Today even I saw a scary accident photo a real photojournalist posted on his page (I went to college with the guy). It was a bad rollover where the car went down an embankment next to rr tracks. the roof of the car had been cut to remove the victim. the photo showed the mangled car, and in the background the firefighters carrying the stretcher. the victim was not visible, from the way he shot the photo. Her name was not posted until later when the police released it. She was ok, not dead. Out of curiosity I scrolled through his photos on his page and he mostly has positive news-worthy images as well as some acidents and fires. But the difference between his and Asher’s is that he had images that showed the news, told the story, yet exhibited tact. That is excellent photojournalism.April 17, 2013 at 2:15 am #8974ThomParticipant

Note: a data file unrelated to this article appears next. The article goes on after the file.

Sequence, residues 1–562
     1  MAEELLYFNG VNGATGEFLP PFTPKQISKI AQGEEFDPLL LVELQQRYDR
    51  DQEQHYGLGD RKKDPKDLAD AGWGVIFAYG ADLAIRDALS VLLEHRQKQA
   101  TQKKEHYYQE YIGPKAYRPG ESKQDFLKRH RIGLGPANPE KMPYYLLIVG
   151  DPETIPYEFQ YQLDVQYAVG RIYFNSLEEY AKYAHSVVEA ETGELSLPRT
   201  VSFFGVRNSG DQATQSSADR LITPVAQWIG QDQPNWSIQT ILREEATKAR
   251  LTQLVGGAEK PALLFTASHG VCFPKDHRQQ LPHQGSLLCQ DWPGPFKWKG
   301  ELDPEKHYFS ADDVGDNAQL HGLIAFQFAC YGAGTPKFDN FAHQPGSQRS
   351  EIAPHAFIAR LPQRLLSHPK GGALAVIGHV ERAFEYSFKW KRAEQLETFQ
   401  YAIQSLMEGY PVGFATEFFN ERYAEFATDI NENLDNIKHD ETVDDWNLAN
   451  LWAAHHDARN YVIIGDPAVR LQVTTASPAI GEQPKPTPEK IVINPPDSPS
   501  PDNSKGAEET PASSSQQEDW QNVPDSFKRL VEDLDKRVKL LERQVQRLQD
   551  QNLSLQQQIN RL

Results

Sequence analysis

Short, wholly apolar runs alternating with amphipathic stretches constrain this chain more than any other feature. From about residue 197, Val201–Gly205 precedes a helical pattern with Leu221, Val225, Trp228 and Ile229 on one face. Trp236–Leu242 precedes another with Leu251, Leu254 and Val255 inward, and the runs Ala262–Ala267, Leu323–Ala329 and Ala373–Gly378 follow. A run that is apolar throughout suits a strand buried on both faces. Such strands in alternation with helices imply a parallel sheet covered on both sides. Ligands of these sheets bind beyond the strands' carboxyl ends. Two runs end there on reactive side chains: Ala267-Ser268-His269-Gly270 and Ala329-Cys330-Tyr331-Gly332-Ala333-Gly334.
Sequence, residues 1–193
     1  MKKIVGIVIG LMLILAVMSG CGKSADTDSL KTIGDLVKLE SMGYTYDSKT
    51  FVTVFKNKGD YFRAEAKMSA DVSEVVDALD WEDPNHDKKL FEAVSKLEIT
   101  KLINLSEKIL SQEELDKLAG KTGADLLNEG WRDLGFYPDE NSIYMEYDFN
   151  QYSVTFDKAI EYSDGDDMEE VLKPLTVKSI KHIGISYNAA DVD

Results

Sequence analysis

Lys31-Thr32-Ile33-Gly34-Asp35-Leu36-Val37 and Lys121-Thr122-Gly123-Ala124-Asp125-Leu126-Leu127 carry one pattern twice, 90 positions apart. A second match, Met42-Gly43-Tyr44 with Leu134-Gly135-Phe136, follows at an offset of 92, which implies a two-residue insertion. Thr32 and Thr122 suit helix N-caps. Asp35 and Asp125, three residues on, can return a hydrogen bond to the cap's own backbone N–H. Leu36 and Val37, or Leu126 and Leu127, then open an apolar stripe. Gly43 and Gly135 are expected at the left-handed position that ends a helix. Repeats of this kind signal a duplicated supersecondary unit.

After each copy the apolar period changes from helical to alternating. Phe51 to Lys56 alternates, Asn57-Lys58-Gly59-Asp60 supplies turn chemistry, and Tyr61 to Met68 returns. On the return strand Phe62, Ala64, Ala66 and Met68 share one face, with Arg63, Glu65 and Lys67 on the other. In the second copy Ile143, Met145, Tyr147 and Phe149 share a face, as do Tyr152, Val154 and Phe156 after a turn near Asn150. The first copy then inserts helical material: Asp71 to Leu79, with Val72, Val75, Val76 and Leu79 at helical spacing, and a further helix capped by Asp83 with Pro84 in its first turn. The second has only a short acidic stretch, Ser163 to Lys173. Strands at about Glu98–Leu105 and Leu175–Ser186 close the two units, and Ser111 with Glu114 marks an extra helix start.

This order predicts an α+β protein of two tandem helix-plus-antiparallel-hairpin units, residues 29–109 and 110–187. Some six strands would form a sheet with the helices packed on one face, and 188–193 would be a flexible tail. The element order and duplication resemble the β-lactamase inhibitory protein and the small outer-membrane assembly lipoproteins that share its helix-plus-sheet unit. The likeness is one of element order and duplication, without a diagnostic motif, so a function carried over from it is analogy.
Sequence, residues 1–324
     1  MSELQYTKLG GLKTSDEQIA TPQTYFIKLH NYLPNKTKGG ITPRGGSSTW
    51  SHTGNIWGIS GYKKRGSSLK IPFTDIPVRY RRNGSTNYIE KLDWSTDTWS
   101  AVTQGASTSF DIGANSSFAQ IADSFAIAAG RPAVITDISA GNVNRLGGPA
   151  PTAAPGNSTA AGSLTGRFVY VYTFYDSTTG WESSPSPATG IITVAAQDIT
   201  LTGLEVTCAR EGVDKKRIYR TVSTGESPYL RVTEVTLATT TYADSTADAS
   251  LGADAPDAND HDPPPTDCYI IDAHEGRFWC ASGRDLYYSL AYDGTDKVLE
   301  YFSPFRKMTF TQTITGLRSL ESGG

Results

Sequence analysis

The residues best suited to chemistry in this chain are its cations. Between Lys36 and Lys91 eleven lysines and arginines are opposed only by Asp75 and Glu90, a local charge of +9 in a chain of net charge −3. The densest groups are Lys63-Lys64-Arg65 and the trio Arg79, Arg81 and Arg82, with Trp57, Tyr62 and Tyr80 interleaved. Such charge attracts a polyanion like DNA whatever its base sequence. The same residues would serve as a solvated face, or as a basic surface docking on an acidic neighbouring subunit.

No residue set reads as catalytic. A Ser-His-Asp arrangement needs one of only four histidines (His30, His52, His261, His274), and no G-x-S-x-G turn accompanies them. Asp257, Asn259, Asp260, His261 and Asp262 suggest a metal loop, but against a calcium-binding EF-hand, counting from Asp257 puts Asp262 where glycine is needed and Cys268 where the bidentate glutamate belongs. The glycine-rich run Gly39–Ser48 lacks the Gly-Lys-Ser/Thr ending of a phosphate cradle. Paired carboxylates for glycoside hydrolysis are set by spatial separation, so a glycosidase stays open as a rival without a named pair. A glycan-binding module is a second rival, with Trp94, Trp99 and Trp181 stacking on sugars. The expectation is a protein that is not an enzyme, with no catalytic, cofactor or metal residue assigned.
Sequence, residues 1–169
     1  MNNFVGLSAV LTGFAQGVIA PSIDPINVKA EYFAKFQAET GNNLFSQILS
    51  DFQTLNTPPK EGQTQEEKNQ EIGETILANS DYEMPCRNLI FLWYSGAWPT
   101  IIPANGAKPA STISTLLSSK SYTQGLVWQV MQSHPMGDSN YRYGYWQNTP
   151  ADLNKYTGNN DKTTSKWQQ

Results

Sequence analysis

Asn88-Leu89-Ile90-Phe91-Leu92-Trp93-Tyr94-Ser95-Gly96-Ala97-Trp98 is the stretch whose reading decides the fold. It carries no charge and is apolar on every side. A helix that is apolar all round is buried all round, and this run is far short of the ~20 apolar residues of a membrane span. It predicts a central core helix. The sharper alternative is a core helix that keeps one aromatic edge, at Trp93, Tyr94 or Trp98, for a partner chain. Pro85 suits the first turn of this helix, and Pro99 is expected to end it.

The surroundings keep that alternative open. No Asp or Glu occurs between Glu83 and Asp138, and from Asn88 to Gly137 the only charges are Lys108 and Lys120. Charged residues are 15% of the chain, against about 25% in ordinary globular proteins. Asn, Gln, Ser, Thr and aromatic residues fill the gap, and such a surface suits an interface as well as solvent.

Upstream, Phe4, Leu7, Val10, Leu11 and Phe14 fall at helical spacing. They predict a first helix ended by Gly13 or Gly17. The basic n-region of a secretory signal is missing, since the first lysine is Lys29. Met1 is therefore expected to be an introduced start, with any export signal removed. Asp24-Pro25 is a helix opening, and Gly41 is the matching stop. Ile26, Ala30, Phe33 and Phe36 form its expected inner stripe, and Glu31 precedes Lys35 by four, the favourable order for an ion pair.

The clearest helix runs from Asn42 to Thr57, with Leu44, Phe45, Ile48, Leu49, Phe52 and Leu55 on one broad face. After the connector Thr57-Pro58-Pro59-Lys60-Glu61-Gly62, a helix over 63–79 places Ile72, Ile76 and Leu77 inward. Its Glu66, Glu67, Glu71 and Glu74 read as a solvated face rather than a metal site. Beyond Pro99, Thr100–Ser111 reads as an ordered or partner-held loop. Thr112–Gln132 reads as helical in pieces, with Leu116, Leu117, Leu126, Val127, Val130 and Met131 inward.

Why are you even posting the links? Seems to me, it’s exactly what he/she/it was hoping for.April 17, 2013 at 2:37 am #8975stefParticipant
Loke, there’s not really anything as a press badge. A civilian can go where any other civilian is allowed, and he can shoot from there. Some PDs issue media credentials and allow those folks better access. Removing someone from a public area for lack of credentials needs to be tested, challenged, and beaten. You don’t get more rights as a civilian based on your job…. in theory.April 17, 2013 at 11:49 am #8983